A hundred years ago, Ernest Debenham founded the great Bladen Estate, making the little village of Briantspuddle home to one of the most important and forward-thinking agricultural businesses of its time.
In April 1914, the grandson of the founder of Debenhams Drapery and Department Stores bought a number of farms around the village. Altruistic and an astute businessman, he aimed to combat unemployment problems in the countryside by merging good business and marketing ideas with cutting-edge agricultural techniques, managing the supply chain from plough to plate.
“His vision,” says local historian Sue Taylor, “was to put into practice his advanced ideas on experimental and self-sufficient agriculture.”
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By 1928, the Bladen Estate comprised more than 10,000 acres, with 1,200 cattle including pedigree Guernseys, Shorthorns, Aberdeen Angus and cross-bred Guernseys. In addition there were 3,500 breeding pigs, 3,500 breeding sheep, 70 stocks of bees and a 250-acre poultry farm producing free-range meat and eggs.
“The pedigree herds were established with the help of Prof Boufleur, head of Cirencester Agriculture College, with detailed records kept of breeding, feeding and health,” says Sue. “Ernest Debenham aimed at the highest standards of milk production, with constant testing in the bacteriological laboratory.”
As the dairy grew, Sir Ernest’s son Martin set up Ideal Home Dairies; later to become Express Dairies, processing 10,000 gallons of milk a day for liquid consumption and 10,000 for cheese and butter. Steam generators produced electricity for the dairy, with the exhaust steam used to pasteurise the milk.
“Another innovation was the use of paper cartons – 50 years ahead of Tetrapak – which were lighter to transport and kept the milk fresh for longer,” says Sue. “The story goes that a consignment was shipped to Rhodesia and arrived as fresh as when it left home; part of the shipment was returned and it was still fresh when it got back.”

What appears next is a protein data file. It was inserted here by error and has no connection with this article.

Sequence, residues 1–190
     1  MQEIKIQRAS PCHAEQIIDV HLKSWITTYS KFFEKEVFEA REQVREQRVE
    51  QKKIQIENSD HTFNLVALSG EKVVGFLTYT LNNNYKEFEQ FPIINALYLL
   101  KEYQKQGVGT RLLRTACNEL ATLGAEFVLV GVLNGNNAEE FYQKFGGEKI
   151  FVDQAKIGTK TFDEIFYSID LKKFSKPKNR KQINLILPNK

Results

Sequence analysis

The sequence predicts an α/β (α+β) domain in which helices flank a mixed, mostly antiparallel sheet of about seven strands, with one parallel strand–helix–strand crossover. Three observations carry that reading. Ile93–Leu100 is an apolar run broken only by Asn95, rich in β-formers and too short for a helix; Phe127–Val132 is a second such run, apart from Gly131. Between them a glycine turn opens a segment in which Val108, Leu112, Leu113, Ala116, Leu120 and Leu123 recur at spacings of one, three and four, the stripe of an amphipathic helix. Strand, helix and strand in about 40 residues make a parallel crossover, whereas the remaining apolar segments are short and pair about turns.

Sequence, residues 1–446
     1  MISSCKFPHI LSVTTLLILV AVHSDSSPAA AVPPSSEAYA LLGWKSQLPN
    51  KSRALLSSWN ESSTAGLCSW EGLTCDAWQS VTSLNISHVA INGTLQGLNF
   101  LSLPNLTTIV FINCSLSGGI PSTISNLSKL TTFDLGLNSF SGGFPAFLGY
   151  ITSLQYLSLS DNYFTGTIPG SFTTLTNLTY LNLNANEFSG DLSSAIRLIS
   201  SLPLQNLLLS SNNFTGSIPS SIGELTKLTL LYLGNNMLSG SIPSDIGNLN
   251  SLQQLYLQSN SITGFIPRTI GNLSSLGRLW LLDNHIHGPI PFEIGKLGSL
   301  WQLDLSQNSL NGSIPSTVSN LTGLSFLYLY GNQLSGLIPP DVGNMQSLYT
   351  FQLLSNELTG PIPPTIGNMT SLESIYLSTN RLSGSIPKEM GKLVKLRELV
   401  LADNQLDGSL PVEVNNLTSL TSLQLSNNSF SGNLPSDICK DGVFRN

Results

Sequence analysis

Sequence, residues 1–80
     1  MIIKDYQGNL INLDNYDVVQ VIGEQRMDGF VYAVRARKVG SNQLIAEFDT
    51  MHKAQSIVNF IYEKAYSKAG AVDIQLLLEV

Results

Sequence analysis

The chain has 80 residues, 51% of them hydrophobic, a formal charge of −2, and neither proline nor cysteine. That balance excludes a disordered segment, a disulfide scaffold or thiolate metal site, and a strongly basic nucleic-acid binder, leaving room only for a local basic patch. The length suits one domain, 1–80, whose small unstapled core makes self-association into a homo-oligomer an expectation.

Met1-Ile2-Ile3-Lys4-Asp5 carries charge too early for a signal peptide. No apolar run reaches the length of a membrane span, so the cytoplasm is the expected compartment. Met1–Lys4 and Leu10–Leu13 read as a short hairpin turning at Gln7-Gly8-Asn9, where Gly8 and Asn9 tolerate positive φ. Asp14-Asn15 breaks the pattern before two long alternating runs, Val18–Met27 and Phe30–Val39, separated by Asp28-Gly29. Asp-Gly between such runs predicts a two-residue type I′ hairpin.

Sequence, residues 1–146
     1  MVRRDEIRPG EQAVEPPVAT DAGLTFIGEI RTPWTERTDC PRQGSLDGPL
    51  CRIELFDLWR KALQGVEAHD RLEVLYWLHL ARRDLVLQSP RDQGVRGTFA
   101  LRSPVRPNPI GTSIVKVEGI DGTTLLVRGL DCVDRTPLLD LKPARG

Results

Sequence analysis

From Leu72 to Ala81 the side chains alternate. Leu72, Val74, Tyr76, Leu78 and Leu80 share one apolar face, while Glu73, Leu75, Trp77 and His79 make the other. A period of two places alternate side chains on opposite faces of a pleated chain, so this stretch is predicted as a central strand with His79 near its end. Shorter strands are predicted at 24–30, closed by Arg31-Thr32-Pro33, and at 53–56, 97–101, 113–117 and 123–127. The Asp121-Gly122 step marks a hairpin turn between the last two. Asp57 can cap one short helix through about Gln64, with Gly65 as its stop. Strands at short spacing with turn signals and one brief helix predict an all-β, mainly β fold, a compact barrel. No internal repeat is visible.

Sir Ernest’s sister Alice managed the farms, and later went on to become one of the founder members of the Soil Association with Lady Eve Balfour.
To feed the livestock, she grew a mixture of arable crops, with grass leys, lucerne, cabbages and mangels. There was also processed whey from the dairy, and Sir Ernest established Thames Milling at Erith, Kent, to import raw materials for processing into balanced livestock rations.
“There was also an on-site veterinary practice, with the dairy cows inspected weekly and vaccinated against TB every six months,” says Sue. “Other stock was also regularly inspected, with postmortems carried out if any animal died.”
Pedigree and cross-bred pigs were bred on the Estate, with the primary intention of producing bacon pigs weighing 200-220lb at six-and-a-half months. Sows had access to pasture before farrowing and were then housed in roomy sties with farrowing rails – a concept way ahead of its time.
“The poultry farm featured an egg grading station and an incubator room that could hold 48,000 hatching chicks,” she adds. “They were then moved into brooder and laying houses with access to pasture, with the West of England Egg Producers Company set up to offer a collection point for local farmers wanting to sell eggs through the new National Mark scheme.”